Intended as the concluding film in the trilogy on the modern history of Taiwan began with Beiqing Chengshi (1989), this film reveals the story through three levels: a film within a film as ... See full summary »
Taipei. A voice off-camera looks back ten years to 2000, when Vicky was in an on-again off-again relationship with Hao-Hao. She's young, lovely, and aimless. He's a slacker. Cigarettes and alcohol fuel her nights. We see bits of her life: when Hao-Hao steals his father's Rolex and the police detain them; when she gets a job as a club hostess, where she meets Jack, who becomes her patron and protector; when Hao-Hao comes to the club, insisting on talking to her; when she visits Yubari, Japan, for its film festival in the dead of winter; when Jack must go to Japan to straighten out trouble caused by one of his acolytes. Does Vicky have any expectations? Does time simply pass?Written by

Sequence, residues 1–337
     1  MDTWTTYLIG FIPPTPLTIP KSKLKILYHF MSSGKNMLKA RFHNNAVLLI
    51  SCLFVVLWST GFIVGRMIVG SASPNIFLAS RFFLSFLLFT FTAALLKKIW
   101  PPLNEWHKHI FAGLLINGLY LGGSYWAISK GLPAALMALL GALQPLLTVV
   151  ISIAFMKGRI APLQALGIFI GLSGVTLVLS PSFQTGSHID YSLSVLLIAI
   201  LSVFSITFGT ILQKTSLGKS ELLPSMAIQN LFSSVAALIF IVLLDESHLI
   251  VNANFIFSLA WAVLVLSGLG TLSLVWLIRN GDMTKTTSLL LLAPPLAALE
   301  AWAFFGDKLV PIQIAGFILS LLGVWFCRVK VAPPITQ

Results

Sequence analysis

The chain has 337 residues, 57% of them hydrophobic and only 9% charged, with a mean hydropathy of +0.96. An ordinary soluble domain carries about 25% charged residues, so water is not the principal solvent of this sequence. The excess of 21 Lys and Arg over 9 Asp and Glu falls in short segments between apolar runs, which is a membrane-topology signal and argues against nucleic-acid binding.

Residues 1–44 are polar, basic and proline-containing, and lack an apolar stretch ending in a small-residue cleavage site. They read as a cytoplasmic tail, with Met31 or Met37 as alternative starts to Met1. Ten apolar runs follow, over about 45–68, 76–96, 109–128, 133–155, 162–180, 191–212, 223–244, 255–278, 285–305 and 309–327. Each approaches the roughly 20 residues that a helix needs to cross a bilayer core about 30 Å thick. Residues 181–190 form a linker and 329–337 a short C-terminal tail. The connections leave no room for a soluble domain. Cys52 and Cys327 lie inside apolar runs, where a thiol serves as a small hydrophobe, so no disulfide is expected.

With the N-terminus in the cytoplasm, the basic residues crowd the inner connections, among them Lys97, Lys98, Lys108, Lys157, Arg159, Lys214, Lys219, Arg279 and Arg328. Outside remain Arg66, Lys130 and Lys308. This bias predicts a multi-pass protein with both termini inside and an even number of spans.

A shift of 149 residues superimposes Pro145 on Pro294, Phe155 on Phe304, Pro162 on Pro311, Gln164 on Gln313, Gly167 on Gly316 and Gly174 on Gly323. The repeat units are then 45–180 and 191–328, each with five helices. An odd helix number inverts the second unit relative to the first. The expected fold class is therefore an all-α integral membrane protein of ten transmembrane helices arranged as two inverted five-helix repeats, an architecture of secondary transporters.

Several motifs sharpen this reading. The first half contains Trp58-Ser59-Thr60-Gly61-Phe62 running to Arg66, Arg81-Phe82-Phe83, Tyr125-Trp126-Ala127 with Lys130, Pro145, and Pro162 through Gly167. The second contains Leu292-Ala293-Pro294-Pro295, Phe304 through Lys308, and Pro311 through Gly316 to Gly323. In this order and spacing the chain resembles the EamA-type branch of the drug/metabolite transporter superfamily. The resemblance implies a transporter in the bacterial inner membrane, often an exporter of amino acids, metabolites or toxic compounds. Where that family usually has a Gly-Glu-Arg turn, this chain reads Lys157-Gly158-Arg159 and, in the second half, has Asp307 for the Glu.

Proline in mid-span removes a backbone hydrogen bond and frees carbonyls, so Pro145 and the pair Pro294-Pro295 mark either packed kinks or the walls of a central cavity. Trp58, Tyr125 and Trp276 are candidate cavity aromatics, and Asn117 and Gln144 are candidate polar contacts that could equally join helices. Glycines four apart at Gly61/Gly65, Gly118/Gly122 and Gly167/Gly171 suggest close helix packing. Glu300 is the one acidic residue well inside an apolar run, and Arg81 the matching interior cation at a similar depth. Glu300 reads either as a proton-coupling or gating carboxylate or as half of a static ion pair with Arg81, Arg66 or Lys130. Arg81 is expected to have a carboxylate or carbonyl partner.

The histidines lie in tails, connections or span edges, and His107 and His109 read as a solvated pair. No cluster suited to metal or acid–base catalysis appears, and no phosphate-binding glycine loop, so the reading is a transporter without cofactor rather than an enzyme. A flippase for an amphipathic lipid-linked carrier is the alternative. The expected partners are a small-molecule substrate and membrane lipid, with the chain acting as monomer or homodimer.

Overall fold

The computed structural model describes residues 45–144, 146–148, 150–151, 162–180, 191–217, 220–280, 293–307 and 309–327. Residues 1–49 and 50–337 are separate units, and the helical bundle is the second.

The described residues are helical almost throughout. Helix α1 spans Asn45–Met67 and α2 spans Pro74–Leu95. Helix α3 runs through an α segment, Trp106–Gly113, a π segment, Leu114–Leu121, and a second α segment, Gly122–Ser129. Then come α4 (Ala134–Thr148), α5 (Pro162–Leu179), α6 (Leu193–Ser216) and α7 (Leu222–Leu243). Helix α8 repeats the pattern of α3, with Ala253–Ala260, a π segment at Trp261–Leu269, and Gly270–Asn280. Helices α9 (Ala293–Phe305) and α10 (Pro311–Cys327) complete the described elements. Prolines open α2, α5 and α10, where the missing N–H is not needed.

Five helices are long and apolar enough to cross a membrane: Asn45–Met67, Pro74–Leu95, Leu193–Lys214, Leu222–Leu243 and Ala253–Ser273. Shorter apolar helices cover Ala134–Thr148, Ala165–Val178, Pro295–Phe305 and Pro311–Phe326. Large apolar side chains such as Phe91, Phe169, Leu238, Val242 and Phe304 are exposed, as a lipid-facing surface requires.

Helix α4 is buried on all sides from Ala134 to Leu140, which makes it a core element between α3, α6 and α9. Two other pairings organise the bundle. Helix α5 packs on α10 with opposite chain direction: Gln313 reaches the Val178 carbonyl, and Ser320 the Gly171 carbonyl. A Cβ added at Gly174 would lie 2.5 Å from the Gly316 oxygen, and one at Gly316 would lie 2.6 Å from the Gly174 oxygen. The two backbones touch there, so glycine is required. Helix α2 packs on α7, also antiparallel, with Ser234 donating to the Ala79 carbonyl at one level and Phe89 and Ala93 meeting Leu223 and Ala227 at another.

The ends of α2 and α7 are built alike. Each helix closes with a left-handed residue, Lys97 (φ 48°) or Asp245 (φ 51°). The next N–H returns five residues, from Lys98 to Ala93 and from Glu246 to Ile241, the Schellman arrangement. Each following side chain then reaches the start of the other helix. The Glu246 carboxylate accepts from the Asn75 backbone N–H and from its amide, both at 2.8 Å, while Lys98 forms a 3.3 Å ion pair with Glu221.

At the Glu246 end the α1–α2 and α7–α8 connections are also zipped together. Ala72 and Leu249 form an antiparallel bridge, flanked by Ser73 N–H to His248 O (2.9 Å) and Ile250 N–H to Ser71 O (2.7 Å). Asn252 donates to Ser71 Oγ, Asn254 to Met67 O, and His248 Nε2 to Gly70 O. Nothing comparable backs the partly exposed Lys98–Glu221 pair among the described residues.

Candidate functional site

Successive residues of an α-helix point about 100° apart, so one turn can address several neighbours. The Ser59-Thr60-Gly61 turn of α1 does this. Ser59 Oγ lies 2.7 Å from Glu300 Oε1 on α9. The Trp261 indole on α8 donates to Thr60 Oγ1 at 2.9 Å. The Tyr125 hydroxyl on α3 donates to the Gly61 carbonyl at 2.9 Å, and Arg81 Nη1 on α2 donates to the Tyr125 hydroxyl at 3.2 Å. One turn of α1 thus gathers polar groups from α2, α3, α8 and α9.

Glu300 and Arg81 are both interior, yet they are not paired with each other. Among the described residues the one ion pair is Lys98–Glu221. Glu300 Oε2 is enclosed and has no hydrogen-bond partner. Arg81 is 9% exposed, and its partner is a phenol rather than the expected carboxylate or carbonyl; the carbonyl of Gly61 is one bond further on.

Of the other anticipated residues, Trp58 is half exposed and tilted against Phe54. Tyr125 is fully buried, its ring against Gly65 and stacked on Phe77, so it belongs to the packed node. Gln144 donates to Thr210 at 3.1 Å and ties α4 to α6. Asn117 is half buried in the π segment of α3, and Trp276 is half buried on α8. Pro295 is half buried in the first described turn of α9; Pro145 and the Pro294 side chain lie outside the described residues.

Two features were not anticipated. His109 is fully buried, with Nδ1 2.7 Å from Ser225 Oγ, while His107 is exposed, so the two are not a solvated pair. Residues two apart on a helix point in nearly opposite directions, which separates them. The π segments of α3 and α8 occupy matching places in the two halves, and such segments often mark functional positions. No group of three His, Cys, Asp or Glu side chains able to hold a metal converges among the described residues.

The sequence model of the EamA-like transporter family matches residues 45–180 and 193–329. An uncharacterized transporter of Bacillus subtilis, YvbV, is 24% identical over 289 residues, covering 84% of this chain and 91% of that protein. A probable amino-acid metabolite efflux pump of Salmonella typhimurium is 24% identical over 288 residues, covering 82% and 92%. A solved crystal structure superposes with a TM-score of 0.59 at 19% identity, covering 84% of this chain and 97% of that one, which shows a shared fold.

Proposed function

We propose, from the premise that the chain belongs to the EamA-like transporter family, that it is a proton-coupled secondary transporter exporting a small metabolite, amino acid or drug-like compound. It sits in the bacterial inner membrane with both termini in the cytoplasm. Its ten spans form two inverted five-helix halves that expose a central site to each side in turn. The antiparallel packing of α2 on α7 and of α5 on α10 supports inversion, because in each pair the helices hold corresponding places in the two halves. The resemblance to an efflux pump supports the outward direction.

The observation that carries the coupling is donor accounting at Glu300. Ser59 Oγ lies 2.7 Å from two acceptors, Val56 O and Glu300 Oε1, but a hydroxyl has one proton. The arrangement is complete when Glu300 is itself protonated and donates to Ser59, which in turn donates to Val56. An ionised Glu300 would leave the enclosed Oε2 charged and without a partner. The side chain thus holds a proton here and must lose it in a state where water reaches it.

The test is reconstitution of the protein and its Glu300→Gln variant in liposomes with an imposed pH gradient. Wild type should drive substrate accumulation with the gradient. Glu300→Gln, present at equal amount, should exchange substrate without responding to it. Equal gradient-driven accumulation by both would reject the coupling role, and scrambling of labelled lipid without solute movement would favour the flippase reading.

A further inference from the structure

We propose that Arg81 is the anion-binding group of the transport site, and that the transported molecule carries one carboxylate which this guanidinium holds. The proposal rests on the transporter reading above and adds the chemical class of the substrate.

Hou's latest film, I saw as part of Village Voice's Best Undistributed Films of 2001 series, feels like a mixing and modulation of his last three: a young woman's abortive but contemplative contemporary existence (GOOD MEN, GOOD WOMEN), a moment-by-moment addiction to thrill-seeking (GOODBYE SOUTH GOODBYE) and a love affair entombed in drugs (FLOWERS OF SHANGHAI) all figure into Hou's attempt to lyricize the moment we are living in -- NOW. The result is a film that seems immensely fascinated in each moment it is capturing -- luminescent bodies dancing in an underground rave; a man inhaling and exhaling smoke from a makeshift bong; the absolute wonder of one's facial imprint in an immaculately white snowbank -- until those moments lead to other moments of inescapable banality or dread. Hou enhances this addiciton-to-the-moment with a voice-over that takes place in 2010, giving away plot points before they happen on-screen; since narrative convention no longer matters, the result is an even more intense experience of the moment tied in with an odd sensation of retrospection (no one messes around with the concept of history more than Hou). The give-and-take of this kind of project is that not everything will succeed on a dramatic level, but the experience of this film (and I do mean *experience*) is too exquisite to be denied. There are no less than half a dozen moments in this film, easily the most sumptuously photographed of the year, whose sheer beauty in harmonizing time and image are timeless treasures: objects and settings seem to take on a life of their own, before they are inevitably swept under the ever-moving carpet of time.
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